Or how I learned to malt barley and thresh like an Egyptian
By James Knight
Good and fed up with John Barleycorn last fall, I plowed him down in the ground and, as in the ballad by ol’ Robert Burns, “put clods upon his head.” Would that it was the end of him.
I was inspired by my visit last year with brewer Nile Zacherle, who experimentally grew barley on four acres of fallow Napa Valley vineyard land for his Mad Fritz beer, and tantalizing rumors of other such projects. Up in Ukiah, Mendocino Grain Project’s Doug Mosel has grown wheat for Almanac Beer Co., and says there’s interest from brewers for locally grown barley. Malted barley is, after all, the main ingredient in beer—besides water—and in an industry that constantly emphasizes pride of place like craft brewing, locally grown barley is sorely lacking.
Native to the Middle East, Hordeum vulgare, which is barley’s stripper name—wait, no, barley’s Latin name, sorry—grows just about anywhere that hay grows OK. Hay is for horses, while beer made from homegrown barley is for heroes. Besides a little honest toil, a bead of sweat or two off the brow, what could be easier?
After growing, malting and brewing my own barley into a sort of beer, I am completely amazed that ancient civilizations ever discovered brewing in the first place, and having gone through the hassle, why they didn’t quit at once and go back to fermenting goat’s milk. Yak’s milk. Pinot Grigio—anything.
A simple plan
I bought a pound or two of barley at a farm-supply store, scattered the seeds over an area of 700 or so square feet and raked them in the ground with a sort of harrow, the design of which the less said, the better. And waited for rain.
On schedule, John Barleycorn got up again, and was easy to spot. Stout green blades of grass sprung out of the dirt, promptly catching the eye of a resident jackrabbit, also. For several months, I figured the well-mown barley crop was merely a donation to said bunny. Nevertheless, John Barleycorn, “weel arm’d wi’ pointed spears,” as our friend Burns put it, did sprout from the low-growing grass. By May, the seedheads had drooped and dried, and were ready to harvest.
This crop was too small even for the compact research plot combine operated by the Mendocino Grain Project that harvested Zacherle’s barley. I could have gone old-school with a scythe, but recalled what a grim (anyone?) failure it was when, years ago, I once tried mowing tall grass that way. I settled on kitchen scissors, which made for a slow-going spectacle. Indeed, I more than once heard a mocking voice—if only in my own head—quip, “That’s a hell of a way to brew a pint of beer, buddy!”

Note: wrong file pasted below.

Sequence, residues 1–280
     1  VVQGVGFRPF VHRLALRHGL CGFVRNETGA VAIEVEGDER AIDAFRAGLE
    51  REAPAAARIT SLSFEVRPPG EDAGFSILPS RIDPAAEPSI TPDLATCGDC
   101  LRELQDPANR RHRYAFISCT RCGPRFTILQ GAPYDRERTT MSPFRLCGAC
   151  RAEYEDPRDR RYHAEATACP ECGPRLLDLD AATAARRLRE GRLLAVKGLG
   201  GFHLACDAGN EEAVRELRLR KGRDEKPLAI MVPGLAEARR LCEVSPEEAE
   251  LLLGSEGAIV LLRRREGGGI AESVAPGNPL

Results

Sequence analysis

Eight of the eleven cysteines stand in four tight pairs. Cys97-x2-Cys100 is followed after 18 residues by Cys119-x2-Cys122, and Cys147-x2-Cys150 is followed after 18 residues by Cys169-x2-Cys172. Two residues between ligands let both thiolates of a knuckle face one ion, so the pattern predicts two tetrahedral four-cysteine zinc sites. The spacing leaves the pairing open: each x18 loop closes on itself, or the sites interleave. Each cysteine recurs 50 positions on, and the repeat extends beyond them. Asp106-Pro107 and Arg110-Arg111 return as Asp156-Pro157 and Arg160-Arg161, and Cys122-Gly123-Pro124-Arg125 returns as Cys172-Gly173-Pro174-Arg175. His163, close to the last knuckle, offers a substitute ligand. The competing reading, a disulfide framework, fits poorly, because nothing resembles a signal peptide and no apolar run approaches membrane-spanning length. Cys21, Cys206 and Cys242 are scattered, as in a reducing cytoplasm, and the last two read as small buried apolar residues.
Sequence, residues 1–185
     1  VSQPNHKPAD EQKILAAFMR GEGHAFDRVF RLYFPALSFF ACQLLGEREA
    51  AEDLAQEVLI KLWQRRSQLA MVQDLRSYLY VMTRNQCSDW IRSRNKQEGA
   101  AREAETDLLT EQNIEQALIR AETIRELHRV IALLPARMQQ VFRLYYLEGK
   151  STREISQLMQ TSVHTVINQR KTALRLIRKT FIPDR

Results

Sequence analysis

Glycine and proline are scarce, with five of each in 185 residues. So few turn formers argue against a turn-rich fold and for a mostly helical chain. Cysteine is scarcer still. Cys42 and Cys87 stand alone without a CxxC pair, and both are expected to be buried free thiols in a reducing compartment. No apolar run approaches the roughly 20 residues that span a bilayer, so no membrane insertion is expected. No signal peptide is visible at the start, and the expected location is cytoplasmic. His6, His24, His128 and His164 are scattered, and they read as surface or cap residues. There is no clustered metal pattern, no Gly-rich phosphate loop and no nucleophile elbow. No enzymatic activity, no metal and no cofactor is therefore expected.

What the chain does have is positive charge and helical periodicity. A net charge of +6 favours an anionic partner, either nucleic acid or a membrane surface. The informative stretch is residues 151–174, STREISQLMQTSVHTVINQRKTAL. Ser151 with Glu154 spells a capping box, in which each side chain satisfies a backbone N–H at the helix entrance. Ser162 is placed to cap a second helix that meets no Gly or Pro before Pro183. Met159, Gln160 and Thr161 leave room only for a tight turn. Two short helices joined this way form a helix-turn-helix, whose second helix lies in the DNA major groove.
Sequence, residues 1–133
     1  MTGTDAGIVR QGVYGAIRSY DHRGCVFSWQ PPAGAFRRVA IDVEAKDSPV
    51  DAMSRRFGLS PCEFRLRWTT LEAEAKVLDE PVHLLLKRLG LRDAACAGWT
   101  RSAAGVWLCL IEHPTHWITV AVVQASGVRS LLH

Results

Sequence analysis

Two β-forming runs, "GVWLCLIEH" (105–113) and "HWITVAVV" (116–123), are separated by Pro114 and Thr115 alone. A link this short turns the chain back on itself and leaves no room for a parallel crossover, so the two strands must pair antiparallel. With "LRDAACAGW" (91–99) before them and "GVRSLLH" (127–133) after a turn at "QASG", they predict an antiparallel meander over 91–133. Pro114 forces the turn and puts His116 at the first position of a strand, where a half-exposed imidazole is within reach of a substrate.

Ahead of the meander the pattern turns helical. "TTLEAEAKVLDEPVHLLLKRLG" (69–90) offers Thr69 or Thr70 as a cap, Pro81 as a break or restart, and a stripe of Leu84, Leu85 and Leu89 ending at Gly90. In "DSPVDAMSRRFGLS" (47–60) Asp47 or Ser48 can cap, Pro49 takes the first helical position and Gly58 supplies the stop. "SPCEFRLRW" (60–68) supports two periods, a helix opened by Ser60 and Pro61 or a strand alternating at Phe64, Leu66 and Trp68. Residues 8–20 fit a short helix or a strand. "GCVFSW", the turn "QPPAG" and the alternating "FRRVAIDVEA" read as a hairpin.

An underqualified peasant in the wrong century
You’ve heard about separating the wheat from the chaff? Same goes for barley. The kernels had to be separated from the mass of straw I’d collected, but without machinery of any kind, I turned to ancient Egyptian murals for reference. One way to thresh a crop is to beat the straw with a stick, but I settled on stomping and hopping around on an oil-stained garage, or threshing, floor. For this step, there was no imagined voice to mock me—just a few imagined, sadly shaking heads.
But when I brushed aside the spent straw, something wonderful was revealed, and gave me an ancient thrill to behold: A healthy pile of perfect, golden grains. After winnowing the remaining chaffs and spikes, I had 12 pounds of barley to brew.
The unexpected habits of the endosperm
But not just yet. To prepare the starchy endosperm of the grain for brewing, it must first be malted, a process I’d only vaguely understood to have something to do with sprouting. In pictures I’ve seen of the malting floors of Scottish distilleries, this looks picturesque and tidy enough; up close, sprouting barley—trigger warning!—resembles a tangled mass of wriggling white spiders, or, as a friend to whom I’d texted a photo of this said, “Will looking at this make me pregnant?”